PN Review Print and Online Poetry Magazine
Most Read... Rebecca WattsThe Cult of the Noble Amateur
(PN Review 239)
Mark FordLetters And So It Goes
Letters from Young Mr Grace
(aka John Ashbery)

(PN Review 239)
Henry Kingon Toby Martinez de las Rivas
(PN Review 244)
Eavan BolandA Lyric Voice at Bay
(PN Review 121)
Vahni CapildeoOn Judging Prizes, & Reading More than Six Really Good Books
(PN Review 237)
Jamie OsbornIn conversation with Sasha Dugdale
(PN Review 240)
Poems Articles Interviews Reports Reviews Contributors
Monthly Carcanet Books
Gratis Ad 1
Next Issue Kei Miller Sometimes I Consider the Names of Places Kyoo Lee's A Close Up and Marjorie Perloff's response John McAuliffe City of Trees Don Share on Whitman's Bicentenary Jeffrey Wainwright and Jon Glover on Geoffrey Hill's Gnostic

This review is taken from PN Review 50, Volume 12 Number 6, July - August 1986.

AS IT WAS R. George Thomas, Edward Thomas: A Portrait (OUP) £12.95

The basis of this tactful and balanced biography is the collection of previously unpublished letters made available to the author by Edward Thomas's widow some years before her death; drawing heavily but discerningly on this correspondence, Professor Thomas has provided the fullest account to date of his subject's complex personality and his remarkable but entirely logical development as a writer.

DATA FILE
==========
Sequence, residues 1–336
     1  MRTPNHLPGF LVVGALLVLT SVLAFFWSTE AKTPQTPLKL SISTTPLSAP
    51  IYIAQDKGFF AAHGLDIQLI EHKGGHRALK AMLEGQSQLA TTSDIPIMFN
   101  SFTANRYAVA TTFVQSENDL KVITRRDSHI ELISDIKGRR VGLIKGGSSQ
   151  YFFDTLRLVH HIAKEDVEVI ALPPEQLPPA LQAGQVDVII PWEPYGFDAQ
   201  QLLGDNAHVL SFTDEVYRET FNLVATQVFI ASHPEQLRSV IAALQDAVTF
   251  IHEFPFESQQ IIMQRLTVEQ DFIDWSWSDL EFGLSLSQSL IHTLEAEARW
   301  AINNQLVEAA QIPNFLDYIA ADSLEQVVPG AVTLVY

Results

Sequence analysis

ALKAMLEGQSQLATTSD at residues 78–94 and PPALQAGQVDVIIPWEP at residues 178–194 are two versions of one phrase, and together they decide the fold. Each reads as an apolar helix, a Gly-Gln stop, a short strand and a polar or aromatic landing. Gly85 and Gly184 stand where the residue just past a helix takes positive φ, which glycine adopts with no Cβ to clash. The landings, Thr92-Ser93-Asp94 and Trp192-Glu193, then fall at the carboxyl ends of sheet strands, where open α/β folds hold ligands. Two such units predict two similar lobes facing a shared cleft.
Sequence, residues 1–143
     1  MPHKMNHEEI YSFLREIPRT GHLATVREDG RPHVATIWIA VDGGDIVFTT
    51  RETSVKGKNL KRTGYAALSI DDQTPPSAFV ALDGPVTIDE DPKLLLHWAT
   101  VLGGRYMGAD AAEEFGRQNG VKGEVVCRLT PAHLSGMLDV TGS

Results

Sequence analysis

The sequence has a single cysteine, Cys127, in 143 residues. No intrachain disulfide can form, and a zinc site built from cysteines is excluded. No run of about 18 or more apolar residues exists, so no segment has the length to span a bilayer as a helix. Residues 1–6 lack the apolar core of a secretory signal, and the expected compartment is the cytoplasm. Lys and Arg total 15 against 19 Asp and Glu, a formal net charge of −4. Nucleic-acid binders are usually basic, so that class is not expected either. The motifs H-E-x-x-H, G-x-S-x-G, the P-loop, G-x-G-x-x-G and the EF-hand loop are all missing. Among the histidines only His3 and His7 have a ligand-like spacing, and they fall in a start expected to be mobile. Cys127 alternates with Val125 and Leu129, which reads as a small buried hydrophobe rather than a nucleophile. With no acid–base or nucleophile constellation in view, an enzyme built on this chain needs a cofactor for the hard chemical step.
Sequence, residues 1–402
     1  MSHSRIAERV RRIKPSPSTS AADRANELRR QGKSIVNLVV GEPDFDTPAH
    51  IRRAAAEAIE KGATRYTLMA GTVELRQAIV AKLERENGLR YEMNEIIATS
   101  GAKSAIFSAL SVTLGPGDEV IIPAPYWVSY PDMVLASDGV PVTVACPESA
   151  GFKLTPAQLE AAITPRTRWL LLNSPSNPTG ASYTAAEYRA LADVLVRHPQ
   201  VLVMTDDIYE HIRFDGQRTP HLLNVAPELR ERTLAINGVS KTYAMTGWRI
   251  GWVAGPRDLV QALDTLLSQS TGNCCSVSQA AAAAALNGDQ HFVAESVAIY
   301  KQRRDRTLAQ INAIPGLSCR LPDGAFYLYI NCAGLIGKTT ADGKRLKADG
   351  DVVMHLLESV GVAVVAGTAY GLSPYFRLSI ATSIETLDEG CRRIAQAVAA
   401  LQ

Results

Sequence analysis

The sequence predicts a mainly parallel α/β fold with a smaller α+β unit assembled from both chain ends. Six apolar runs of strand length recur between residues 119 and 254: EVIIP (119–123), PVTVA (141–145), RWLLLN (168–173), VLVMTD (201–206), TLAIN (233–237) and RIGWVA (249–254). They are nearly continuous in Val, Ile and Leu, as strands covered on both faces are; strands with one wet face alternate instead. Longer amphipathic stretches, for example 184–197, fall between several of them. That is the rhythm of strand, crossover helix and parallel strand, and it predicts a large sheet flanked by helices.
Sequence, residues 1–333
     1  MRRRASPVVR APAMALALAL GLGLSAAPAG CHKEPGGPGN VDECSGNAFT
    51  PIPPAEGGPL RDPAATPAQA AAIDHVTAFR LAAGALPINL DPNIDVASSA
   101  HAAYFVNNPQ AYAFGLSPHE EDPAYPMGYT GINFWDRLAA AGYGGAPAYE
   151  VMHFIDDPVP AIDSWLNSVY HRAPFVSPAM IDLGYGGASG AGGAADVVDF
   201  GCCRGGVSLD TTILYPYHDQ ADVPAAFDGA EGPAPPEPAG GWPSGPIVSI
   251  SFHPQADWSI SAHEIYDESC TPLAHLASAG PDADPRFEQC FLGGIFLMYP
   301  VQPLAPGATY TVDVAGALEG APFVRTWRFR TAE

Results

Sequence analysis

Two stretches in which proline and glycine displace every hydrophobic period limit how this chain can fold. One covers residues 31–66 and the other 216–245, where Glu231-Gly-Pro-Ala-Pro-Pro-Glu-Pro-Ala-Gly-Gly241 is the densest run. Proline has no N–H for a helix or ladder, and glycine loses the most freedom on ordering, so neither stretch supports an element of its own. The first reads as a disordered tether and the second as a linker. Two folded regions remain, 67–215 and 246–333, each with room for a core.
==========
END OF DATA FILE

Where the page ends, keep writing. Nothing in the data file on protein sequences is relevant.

Edward and Helen Thomas agreed early in their relationship on the importance of complete honesty in their dealings with one another, and the letters which passed between them during their protracted courtship and in the first few years of their marriage are particularly revealing. Although, as Professor Thomas points out, the 'periods of morbid melancholy, or brooding, formed a tiny part of the complete man [his friends] recalled', there can be no doubt at all that Edward's melancholic tendencies were actually quite pronounced from a relatively early stage in his life. Various factors were involved but, reading the letters, one senses particularly strongly the inner tension of a man in whom the consciousness of visionary potential operated in unfailingly close conjunction with a chastening awareness of human limitations generally, and of his own inadequacies in particular.

If the obsessive self-analysis of Edward's early letters is less attractive than Helen's ingenuous affirmations of a love founded on 'purity', it was nevertheless, as this biography makes clear, an essential element in his movement towards the subtle but rigorous truths of the poetry. By insisting upon 'the long ...


Searching, please wait... animated waiting image